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A letter for her father

September 29th, 2011

JCU sophomore Bethany Luketic is asking the John Carroll community, via a Facebook event she started recently, for letters of support.

Bethany was 3 years old in November 1995, when her father and grandmother went to a bank in Collinwood, on Cleveland’s east side, to take out a loan on a recently purchased house. Tony Luketic was a police officer for University Circle at the time.

“[That was] the first time and only time my dad has ever left the house unarmed,” Bethany said.

Tony, who was off duty, and his mother were waiting in line when a man walked in and demanded money from the teller. The teller couldn’t get the money out quick enough, and the robber began to harass her with his gun. Tony intervened and a struggle ensued.

“He ended up shooting my dad in the leg,” Bethany said.

Tony threw the gun out of the way, and his mother went to pick it up. But the hot gun burned her hand, and she dropped it. The robber shot Tony’s mother in the stomach. Another struggle ensued as the robber attempted to aim the gun again at Tony’s mother. Tony was shot in the arm, leaving him disabled.

“[The gunman] was going for the heart, but missed and got him in the shoulder,” Bethany said. “My dad’s arm was held on by his sweatshirt and the leather coat he was wearing.”

The robber then put the gun to Tony’s head and pulled the trigger, but it was empty.

Tony’s mother recovered from her injuries, but Tony, who now works as a parole officer, still suffers from pain caused that day to his left leg and left arm.

“My dad still can’t use his arm fully, he still has pains,” Bethany said. “He went through physical therapy numerous times. He’s had multiple operations on both his leg and his arm. I think he’s had seven leg operations. And his arm is almost all metal.”

Tony, a 1990 alumnus of JCU, was the first recipient of the Campion Shield, which is awarded to those in the JCU community who demonstrate heroism, in 1995.

Ollie Tate, the bank robber, was arrested and sentenced to prison. Now, at age 79, he is up for parole for the second time since he was convicted, Bethany was told by her dad.

“He’s like, ‘We need to write letters again,’” Bethany said.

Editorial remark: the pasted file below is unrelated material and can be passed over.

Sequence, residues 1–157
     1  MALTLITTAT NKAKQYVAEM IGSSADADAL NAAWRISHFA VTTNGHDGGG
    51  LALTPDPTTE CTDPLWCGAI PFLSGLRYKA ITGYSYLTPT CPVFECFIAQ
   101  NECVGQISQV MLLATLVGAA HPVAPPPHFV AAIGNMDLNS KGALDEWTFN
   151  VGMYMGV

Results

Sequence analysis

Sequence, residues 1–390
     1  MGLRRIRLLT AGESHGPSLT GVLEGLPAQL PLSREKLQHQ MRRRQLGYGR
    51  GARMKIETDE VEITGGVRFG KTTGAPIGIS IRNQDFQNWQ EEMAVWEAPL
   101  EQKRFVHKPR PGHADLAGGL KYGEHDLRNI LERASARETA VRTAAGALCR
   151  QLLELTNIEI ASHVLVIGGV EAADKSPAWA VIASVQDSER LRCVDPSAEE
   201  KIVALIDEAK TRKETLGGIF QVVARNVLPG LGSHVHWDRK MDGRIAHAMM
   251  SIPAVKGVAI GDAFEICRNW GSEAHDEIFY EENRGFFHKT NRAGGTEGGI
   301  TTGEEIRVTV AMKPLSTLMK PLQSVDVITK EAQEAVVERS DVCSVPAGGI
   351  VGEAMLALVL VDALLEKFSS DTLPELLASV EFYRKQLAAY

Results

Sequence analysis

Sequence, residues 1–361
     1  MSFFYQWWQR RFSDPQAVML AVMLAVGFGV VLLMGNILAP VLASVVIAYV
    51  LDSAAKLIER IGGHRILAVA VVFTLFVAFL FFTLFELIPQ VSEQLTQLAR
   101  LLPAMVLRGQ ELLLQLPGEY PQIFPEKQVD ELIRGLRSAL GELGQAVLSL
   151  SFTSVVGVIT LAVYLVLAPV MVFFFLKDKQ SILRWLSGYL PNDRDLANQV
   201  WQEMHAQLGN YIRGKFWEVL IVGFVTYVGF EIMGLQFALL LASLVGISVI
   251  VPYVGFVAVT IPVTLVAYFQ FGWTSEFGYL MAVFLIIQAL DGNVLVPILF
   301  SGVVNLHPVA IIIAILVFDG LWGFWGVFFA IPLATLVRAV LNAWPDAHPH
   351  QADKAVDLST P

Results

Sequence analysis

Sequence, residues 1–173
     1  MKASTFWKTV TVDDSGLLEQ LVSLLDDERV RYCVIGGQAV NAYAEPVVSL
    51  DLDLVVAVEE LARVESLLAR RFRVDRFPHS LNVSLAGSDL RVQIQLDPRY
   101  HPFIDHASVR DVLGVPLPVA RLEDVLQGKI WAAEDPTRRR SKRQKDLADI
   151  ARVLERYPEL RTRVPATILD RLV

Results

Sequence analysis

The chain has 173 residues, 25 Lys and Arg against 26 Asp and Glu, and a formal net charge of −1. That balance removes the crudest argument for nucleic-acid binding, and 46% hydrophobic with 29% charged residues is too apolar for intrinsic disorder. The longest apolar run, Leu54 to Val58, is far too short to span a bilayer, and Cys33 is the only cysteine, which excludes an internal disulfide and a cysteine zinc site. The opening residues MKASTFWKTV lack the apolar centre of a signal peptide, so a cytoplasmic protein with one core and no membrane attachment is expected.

So Bethany went to the Web to spread the word to support her family. The Facebook event, “Letter For My Father,” was started Sept. 16 and will continue until Nov. 30. She hopes that all the letters will be sent to the Ohio Office of Victim Services then because Tate’s parole hearing will most likely take place in December.

“The first time [he was up for parole] he was denied because of these letters, [and this time] we’re hoping for the same thing,” Bethany said.

According to Bethany, she has received 2,000 hits on Facebook and lots of media coverage. The Facebook event lists 236 people “attending” and 1,440 people “awaiting reply” as of Tuesday night.

One of those “attending,” junior Brooke Wunderly, knows Bethany through their work together on JCU EMS. She plans on writing a letter in support of the Luketic family.

“Bethany is one of my good friends,” Wunderly said. “I’m going to do exactly what she wants us to do.”

The amount of activity on the Facebook event page has astounded Bethany.

“Everyone’s posting on it constantly,” she said. “I’ve gotten Facebook friend requests from police stations, different FOP [fraternal order of police] lodges, [and] different seminars from all over the world.”

Bethany asked Student Union at a recent meeting to collectively write a letter, but President Rita Rochford said that it would be best for individuals to write letters than as a group.

“After discussion with several people involved and in Senate, we determined that the issue at hand is so personal in nature that it is more appropriate to come from individuals than from the student body as a whole,” Rochford said. “With that said, I hope that all those affected will find peace.”

All the attention the Facebook event and story has received has encouraged Tony’s mother to talk about the ordeal for the first time.

“She’s never said a word about it since [it happened],” Bethany said. “And, when she saw it on the news and she got all her phone calls from her friends, she said, ‘I want to talk. I want to write a letter.’”